Schools, Sports & Events: See techniques for posing, lighting and workflow for teams and individuals, sports action, dances or events. These are all great opportunities to expand your business, create additional lines of revenue and make customers for life.

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Hash It Out: Share your questions, ideas and solutions during these daily, interactive smart talks via tweet, text or in person. Think of it as a group brainstorming where you can be a part of all of the solutions! Commiserate over problems all studios face, find creative solutions and make new friends in the process!

Become an expert in what you do best, but also treat yourself to the opportunity of exploring new terrains. This is the safest place to experiment; approach new techniques and test drive some new ideas! All of this (plus the networking, parties and awards) is only $129 for current PPA Members. Not a Member yet? You can "Join N' Go"- meaning you join PPA and get to attend Imaging USA your first year for free!

For more information on Imaging USA or to register, visit www.imagingusa.org! Early bird pricing is through December 4, 2013. 


Use the links below to read other #IUSA14 posts in this series:

When you're looking for professional services, you pay attention to any certifications or designations the business may have, right? Well, the same can be said for your potential customers searching for a professional photographer.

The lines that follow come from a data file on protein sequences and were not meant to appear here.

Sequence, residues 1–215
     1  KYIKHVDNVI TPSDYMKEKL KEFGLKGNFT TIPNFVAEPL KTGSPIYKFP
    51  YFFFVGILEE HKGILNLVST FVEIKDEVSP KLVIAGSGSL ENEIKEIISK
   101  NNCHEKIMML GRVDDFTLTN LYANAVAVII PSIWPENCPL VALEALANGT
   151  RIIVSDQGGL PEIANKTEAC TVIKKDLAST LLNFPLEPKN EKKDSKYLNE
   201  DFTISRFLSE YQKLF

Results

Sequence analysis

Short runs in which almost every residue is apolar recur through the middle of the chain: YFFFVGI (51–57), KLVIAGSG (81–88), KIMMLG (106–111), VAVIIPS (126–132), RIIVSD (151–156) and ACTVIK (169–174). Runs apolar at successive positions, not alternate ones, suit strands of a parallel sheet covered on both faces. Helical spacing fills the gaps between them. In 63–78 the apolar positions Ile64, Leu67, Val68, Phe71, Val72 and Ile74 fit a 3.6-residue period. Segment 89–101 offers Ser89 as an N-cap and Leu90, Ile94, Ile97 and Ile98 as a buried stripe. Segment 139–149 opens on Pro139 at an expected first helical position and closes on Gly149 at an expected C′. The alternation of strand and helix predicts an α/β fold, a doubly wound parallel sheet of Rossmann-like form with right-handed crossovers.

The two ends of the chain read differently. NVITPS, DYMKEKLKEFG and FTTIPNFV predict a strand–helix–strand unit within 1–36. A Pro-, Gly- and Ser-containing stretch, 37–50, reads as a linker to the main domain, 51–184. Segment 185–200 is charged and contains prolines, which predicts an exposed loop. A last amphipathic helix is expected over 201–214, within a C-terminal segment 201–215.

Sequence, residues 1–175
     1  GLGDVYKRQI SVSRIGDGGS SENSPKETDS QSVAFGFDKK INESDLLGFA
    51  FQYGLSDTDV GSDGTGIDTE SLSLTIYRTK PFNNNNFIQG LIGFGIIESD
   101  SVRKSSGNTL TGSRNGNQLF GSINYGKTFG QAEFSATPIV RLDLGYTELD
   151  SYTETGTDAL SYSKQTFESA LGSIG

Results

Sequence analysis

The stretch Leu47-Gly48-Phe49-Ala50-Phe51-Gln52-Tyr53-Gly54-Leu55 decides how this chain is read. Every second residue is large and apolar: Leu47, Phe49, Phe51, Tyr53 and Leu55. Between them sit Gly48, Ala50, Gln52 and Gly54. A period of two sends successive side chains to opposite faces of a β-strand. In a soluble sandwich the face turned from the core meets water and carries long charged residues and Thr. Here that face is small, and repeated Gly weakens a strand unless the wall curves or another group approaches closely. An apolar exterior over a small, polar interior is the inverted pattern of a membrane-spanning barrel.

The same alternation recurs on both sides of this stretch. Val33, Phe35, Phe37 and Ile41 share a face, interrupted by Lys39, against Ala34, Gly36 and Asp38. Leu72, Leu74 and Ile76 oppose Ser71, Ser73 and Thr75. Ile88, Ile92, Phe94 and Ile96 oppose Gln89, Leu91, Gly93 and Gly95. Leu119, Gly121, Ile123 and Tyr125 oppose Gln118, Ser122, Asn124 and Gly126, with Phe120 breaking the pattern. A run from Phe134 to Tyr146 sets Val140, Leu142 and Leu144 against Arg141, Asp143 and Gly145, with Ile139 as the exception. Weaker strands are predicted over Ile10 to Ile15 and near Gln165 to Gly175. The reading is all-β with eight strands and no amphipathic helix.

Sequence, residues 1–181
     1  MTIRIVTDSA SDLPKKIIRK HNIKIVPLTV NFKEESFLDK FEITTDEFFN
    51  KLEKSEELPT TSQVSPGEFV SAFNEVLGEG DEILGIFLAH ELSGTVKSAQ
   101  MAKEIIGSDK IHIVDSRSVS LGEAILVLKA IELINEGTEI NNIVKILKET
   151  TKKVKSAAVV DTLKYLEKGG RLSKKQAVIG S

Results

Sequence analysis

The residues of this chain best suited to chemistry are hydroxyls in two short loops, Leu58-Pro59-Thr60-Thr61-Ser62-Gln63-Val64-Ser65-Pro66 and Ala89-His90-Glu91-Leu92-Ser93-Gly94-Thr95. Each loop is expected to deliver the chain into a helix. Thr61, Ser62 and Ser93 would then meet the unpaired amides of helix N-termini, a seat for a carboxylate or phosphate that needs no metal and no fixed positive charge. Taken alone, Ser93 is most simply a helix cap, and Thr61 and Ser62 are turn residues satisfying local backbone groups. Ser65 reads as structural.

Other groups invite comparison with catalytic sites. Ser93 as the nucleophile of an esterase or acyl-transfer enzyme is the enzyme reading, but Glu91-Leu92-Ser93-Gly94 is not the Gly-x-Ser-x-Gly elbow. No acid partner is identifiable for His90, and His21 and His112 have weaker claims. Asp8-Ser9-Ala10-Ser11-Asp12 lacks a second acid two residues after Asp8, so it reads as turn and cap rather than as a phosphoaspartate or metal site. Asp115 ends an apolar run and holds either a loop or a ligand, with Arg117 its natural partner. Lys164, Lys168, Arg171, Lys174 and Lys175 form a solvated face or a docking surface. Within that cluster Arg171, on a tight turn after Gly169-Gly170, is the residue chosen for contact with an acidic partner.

That's where PPA's Certified Professional Photographer (CPP) designation can help you out!buck_husson_taylor_cppblog.jpg While a consumer may not know much about professional photography, having the CPP designation for your business tells them that they can expect professional quality services and goods from you.

It may seem easier to ignore the certification process, but it can greatly help you and your business' image. Several PPA members weighed-in with their thoughts on the worth of the program.

In a former life, Mary Buck, CPP, was in real estate. As such, licensing and keeping up with the credential requirements was a must in her line of business.

"Even before I started turning photography into my full-time business, I could see how some people could resist the certification process, because there is such a low barrier to entry into the field," she said. "I believe there should be a certain bar, in any industry, and certification does that for us photographers.